The "United Nations Convention on the Protection of the Rights of All Migrant Workers and Members of Their Families"[2] defines migrant worker as follows: UN and U.N. redirect here. ...

The term "migrant worker" refers to a person who is engaged or has been engaged in a remunerated activity in a State of which he or she is not a national.

This Convention has been ratified by Mexico, Brazil and the Philippines (amongst many other nations that supply foreign labour) but it has not been ratified by the United States, Germany and Japan (amongst other nations that depend on cheap foreign labour). For an up to date listing of ratifications and signatories visit this special page on the website of December 18, the International Advocacy and Resource Centre on the Human Rights of Migrant Workers.


A migrant worker is someone who works primarily in agriculture or an agriculture-related industry, like food processing. “Migrant” farm workers move from “home base” communities in patterns known as “migrant streams. “Seasonal” farm workers live in communities year-round. Across the United States, migrant/handworkers face severely rundown housing, overcrowding issues, and high housing costs. The highest populations of these people are in Wa.shington State, although they are also around in Texas, and many other states. The first migrant workers consisted of Native Americans who came from Canada to pick harvest every year until the 1950s. Colonias residents have an average income of $3,000/year. The vast majority of U.S. counties that have been poor for four decades or more are in the Texas border region. You have to feel really bad when you look at the stats. The Colonia crowding rate is four times the national average, also, 85% of Colonias residents are U.S. citizens; 97% are Hispanic. Most migrant workers are people who can’t support themselves in Mexico, so they come to the United States with the hope of a better life. Although, with an income of $3,000 a YEAR, that’s not a very good life.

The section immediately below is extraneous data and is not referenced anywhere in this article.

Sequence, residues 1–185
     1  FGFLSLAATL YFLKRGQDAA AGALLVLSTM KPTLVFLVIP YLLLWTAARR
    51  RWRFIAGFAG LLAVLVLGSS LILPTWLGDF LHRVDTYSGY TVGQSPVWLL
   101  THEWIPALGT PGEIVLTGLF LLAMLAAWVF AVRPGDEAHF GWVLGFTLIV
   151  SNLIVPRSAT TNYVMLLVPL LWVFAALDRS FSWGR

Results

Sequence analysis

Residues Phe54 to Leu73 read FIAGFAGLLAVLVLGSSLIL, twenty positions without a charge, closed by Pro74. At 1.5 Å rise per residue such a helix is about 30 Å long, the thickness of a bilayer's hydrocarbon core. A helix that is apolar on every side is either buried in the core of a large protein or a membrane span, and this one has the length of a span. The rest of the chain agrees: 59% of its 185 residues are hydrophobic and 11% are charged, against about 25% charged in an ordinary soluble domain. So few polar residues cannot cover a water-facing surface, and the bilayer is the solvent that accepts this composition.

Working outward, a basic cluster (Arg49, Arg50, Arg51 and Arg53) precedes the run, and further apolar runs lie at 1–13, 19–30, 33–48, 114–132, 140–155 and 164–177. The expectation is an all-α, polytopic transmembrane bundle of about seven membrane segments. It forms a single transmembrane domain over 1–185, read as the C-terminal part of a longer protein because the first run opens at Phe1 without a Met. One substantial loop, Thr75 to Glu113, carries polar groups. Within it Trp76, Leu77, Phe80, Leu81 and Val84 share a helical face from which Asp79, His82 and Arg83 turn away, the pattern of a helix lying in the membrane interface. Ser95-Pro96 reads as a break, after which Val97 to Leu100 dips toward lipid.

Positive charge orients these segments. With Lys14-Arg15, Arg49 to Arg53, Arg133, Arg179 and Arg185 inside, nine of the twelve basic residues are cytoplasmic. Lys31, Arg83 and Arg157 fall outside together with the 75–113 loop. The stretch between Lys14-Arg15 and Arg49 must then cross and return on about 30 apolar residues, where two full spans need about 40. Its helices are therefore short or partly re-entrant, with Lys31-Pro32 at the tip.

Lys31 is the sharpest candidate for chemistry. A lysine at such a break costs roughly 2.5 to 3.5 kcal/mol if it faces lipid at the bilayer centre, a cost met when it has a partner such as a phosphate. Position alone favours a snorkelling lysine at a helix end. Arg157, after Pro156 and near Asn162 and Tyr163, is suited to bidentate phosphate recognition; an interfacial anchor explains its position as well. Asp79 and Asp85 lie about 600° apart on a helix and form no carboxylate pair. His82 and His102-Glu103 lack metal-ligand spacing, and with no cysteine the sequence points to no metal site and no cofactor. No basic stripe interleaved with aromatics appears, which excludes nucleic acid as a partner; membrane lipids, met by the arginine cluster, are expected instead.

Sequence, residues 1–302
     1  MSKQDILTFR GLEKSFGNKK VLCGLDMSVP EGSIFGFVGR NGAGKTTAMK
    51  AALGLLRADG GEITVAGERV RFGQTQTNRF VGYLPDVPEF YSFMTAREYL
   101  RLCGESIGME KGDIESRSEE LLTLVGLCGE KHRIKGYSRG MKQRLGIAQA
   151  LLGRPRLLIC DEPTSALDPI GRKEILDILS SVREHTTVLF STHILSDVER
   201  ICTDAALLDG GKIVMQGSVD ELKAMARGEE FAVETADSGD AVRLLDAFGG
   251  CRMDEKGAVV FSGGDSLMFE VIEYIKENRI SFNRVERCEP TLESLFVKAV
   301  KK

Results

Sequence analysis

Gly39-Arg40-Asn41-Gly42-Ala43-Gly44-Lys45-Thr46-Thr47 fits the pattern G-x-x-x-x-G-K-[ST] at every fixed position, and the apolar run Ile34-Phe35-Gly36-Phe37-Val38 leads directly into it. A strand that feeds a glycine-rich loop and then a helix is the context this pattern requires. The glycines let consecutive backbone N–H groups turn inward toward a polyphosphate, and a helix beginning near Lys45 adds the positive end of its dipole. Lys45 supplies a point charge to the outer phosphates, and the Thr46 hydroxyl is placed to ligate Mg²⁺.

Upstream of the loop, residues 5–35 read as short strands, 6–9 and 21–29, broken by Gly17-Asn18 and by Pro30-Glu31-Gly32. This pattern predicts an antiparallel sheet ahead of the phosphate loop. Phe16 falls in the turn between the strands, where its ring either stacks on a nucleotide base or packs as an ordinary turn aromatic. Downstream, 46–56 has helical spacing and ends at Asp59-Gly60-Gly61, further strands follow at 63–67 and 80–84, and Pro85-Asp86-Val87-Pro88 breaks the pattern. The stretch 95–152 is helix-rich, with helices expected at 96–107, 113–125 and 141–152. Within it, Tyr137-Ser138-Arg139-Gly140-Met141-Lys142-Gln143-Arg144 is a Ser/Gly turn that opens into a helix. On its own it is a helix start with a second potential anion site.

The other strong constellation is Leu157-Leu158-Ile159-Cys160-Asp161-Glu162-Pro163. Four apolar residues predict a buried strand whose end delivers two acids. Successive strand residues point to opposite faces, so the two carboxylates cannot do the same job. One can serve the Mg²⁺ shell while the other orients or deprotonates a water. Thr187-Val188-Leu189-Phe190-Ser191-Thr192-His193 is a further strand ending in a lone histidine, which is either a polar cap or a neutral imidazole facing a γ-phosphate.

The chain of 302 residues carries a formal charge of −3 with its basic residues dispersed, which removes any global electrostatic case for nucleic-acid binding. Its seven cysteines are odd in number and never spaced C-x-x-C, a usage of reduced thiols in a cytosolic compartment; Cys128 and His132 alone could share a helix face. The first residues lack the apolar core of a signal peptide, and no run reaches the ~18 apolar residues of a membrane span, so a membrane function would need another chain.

See also

2003 USPS stamp featuring Chávez and the fields that were so important to him César Estrada Chávez (March 31, 1927 – April 23, 1993) was an American farm worker, labor leader, and activist who co-founded the National Farm Workers Association, which later became the United Farm Workers. ... Raj R. S. Chouhan is the current MLA for Burnaby-Edmonds in the Canadian province of British Columbia. ... Patrick Chamusso (born 1949) is a former political prisoner, freedom fighter and member of the ANC party of South Africa. ... The Army of Hope is a North American charitable organization focused on the needs of migrant farm workers and their families, and affiliated with the Elks fraternal organization. ...

References

  • Dust bowl migrants (Okies)
  • In China, Filmmakers Get Involved with Migrant Workers
  • China Labour Bulletin
  • Beijing's Min Gong migrants
  • Article from China View on Chinese migrant workers
  • More statistics and datas about menial employment in China
  • Voices of Yi Migrant Workers - Interviews in Chinese of Migrants from Sichuan in China

  Results from FactBites:
 
Migrant worker - Wikipedia, the free encyclopedia (295 words)
A migrant worker is a person who works in more than one physical location, often working at seasonal jobs and then moving on to new seasonal jobs.
In the past, starting at the end of the American Civil War, hobos were the migrant workers who performed much of this work, using freight railroads as their means of transportation to new jobs.
Examples of professions which could be called migrant workers, some of them quite lucrative, include: Electricians in the construction industry (slang term: "narrowbacks"); other construction workers who travel from one construction job to another, often in different cities; wildland firefighters in the western United States; temporary/roving consulting work; and possibly even interstate truck drivers.
United Nations General Assembly: International Convention on the Protection of the Rights of All Migrant Workers and ... (11631 words)
Migrant workers and members of their families who are arrested shall be informed at the time of arrest as far as possible in a language they understand of the reasons for their arrest and they shall be promptly informed in a language they understand of any charges against them.
Migrant workers and members of their families who are subjected to any form of detention or imprisonment in accordance with the law in force in the State of employment or in the State of transit shall enjoy the same rights as nationals of those States who are in the same situation.
Migrant workers and members of their families shall have the right to have recourse to the protection and assistance of the consular or diplomatic authorities of their State of origin or of a State representing the interests of that State whenever the rights recognized in the present Convention are impaired.
  More results at FactBites »